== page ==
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We can represent subclass of linear time invariant (LTI) systems with State Space Representation:

$$\dot X = AX + BU,$$ $$Y = CX + DU.$$

Also, nonlinear systems are formulated with generalized State Space Representation where the functions could be nonlinear:

$$\dot X=f(X,U,t),$$ $$Y = g(X,U,t).$$

The question is, what is their representation power? Can we formulate any system in State Space Model?

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    $\begingroup$ What is LTI? Also, how do you define representation power; does it reflect the generality of representation (how large the variety of processes representable in this way is)? $\endgroup$ – Richard Hardy Aug 16 '16 at 11:57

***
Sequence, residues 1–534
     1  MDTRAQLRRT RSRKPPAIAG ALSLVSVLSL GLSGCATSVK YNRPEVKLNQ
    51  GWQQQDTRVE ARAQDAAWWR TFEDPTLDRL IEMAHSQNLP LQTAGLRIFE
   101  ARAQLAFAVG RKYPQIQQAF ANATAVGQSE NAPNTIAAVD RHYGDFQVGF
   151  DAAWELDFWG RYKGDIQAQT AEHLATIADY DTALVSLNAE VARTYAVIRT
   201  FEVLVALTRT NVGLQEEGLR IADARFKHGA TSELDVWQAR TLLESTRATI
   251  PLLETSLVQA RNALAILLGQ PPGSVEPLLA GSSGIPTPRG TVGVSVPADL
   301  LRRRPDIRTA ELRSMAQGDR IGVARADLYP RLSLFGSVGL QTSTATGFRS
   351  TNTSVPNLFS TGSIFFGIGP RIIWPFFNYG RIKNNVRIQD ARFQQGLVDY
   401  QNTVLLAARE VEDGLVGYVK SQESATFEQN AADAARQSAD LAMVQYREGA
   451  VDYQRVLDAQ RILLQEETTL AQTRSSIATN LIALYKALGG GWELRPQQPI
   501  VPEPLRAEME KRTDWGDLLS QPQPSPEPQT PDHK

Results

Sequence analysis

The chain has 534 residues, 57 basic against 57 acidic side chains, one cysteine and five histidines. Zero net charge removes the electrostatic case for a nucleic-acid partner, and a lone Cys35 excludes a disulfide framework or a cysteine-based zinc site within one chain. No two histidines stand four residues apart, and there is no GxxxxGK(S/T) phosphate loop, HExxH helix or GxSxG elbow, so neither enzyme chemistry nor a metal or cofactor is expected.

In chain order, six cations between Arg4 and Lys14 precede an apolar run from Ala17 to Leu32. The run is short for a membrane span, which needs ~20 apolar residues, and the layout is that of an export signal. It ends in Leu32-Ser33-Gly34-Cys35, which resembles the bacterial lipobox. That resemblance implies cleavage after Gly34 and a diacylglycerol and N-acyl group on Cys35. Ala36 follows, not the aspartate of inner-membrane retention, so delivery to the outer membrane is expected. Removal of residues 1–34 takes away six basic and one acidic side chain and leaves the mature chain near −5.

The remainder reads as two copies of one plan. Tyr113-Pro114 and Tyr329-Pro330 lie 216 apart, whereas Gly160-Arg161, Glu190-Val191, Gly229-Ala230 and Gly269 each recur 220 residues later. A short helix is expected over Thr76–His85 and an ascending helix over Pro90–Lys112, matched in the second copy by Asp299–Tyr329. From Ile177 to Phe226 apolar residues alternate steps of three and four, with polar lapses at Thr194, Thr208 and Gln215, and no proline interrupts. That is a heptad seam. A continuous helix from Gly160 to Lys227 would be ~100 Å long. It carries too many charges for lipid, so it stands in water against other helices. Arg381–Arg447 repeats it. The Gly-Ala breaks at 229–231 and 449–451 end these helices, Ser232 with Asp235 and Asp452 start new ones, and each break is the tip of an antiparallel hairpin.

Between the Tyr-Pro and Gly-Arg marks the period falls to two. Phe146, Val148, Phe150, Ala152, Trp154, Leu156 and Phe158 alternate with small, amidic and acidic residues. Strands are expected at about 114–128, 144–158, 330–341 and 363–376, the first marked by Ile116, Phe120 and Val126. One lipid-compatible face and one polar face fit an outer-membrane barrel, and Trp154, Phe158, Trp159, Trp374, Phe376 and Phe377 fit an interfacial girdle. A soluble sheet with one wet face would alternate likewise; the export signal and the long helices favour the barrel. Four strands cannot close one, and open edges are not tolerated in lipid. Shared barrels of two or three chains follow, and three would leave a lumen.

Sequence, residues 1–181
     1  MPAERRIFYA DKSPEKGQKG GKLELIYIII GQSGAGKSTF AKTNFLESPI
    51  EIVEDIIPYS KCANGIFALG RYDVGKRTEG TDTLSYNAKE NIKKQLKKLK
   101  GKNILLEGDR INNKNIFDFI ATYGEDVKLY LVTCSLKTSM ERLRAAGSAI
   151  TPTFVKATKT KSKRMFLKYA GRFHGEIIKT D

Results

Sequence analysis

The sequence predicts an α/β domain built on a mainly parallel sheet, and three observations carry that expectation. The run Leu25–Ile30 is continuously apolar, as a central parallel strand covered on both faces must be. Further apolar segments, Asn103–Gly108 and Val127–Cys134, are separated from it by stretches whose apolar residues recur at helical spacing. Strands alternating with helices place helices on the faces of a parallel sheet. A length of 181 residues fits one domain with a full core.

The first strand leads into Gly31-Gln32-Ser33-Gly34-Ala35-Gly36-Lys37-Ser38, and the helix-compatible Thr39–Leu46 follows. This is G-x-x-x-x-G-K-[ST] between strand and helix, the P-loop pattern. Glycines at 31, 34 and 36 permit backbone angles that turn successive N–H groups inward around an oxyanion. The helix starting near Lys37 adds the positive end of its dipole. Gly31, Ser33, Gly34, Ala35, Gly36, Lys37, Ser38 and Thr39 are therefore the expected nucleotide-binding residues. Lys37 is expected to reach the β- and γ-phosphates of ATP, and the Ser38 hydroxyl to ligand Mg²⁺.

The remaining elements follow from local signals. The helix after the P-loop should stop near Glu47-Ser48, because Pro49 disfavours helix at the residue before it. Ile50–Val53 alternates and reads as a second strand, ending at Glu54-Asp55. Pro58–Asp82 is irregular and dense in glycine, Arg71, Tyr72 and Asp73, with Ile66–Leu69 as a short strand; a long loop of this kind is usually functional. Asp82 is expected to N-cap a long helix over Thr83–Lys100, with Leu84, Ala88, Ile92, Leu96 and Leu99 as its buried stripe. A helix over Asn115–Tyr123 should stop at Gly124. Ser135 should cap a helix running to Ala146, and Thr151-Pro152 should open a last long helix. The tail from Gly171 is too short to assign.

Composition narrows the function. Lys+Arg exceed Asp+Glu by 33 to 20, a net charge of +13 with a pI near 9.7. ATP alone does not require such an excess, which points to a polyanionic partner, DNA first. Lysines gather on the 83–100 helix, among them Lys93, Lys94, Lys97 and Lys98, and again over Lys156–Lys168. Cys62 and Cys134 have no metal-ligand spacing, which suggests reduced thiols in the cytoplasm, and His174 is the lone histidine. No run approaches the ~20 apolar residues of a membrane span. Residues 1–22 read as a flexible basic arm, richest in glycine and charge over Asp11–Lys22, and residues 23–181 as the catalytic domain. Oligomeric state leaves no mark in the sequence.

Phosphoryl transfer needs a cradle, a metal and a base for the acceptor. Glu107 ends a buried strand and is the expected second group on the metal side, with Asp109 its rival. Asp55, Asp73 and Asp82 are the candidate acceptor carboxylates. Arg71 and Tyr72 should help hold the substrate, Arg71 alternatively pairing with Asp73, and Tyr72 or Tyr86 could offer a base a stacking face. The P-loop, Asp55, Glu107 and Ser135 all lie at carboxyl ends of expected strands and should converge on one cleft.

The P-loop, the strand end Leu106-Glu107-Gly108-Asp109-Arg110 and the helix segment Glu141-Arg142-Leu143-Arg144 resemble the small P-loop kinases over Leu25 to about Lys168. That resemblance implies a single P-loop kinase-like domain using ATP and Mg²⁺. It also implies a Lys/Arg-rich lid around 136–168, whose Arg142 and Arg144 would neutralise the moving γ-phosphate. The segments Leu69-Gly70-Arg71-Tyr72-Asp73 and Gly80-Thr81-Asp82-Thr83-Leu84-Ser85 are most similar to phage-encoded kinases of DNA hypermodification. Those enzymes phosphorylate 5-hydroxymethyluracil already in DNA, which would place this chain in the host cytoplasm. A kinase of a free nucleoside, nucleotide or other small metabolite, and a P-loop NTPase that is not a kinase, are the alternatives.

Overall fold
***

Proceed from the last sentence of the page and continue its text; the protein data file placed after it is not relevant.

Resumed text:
• $\begingroup$ LTI is linear time invariant. I mean can we represent all linear time invariant systems in this representation? How about nonlinear systems? $\endgroup$ – sisaman Aug 16 '16 at 13:08

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